I’ll admit it — I’m a sucker when it comes to Britpop. A catchy hook, a self-loathing Anglicanism, a strong accent, a well-strummed chord and I’m sold. In my defense, there are some fine bands across the channel. Anyone that has ever picked up a copy of NME or any British music rag knows the one thing Britpop bands endlessly struggle with is tapping into the yearned-after American market. Those pasty-faced, sheik-attired limeys give their all to sell us their infectious singles but usually to no avail. The singles get some airplay, but within a year few remember “Bittersweet Symphony,” “Like A Friend,” or “Why Does It Always Rain On Me” and the bands, used to playing arenas, are trapped somewhere in the midwest playing to half empty 1500-capacity venues. Sad but true.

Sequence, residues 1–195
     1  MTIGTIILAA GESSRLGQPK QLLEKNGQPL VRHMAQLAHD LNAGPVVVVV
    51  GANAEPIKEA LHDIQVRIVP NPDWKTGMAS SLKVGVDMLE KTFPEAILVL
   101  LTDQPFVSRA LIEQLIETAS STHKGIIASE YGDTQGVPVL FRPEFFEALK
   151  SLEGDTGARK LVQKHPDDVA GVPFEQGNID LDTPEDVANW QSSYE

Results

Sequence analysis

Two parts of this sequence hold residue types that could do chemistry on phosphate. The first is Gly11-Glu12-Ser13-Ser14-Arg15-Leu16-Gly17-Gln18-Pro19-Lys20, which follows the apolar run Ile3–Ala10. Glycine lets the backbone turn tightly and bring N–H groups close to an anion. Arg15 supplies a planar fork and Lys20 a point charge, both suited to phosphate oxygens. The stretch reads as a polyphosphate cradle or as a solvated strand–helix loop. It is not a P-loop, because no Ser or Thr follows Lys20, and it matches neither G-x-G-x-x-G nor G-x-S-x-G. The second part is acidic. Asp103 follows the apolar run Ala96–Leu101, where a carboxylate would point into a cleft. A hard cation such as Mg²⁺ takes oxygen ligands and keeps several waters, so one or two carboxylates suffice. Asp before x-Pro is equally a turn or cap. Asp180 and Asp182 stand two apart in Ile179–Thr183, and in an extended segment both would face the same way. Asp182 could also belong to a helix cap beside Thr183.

As a fan of Britpop and a man aware of the Britpop dilemma mentioned above, I’ve always been uneasy about the stateside success of Coldplay’s debut album Parachutes. The album is pleasant, and “Yellow” is probably the catchiest and sweetest pop song of the last five years, but overall Coldplay, though earnest and sweet, came off as safe, underdeveloped, and bland. It seemed absurd that of all the great Britrock bands (Verve, Pulp, Super Furries, Blur, etc.), Coldplay was the one to break the States. But sure enough, months passed and people, especially females, continued to remark,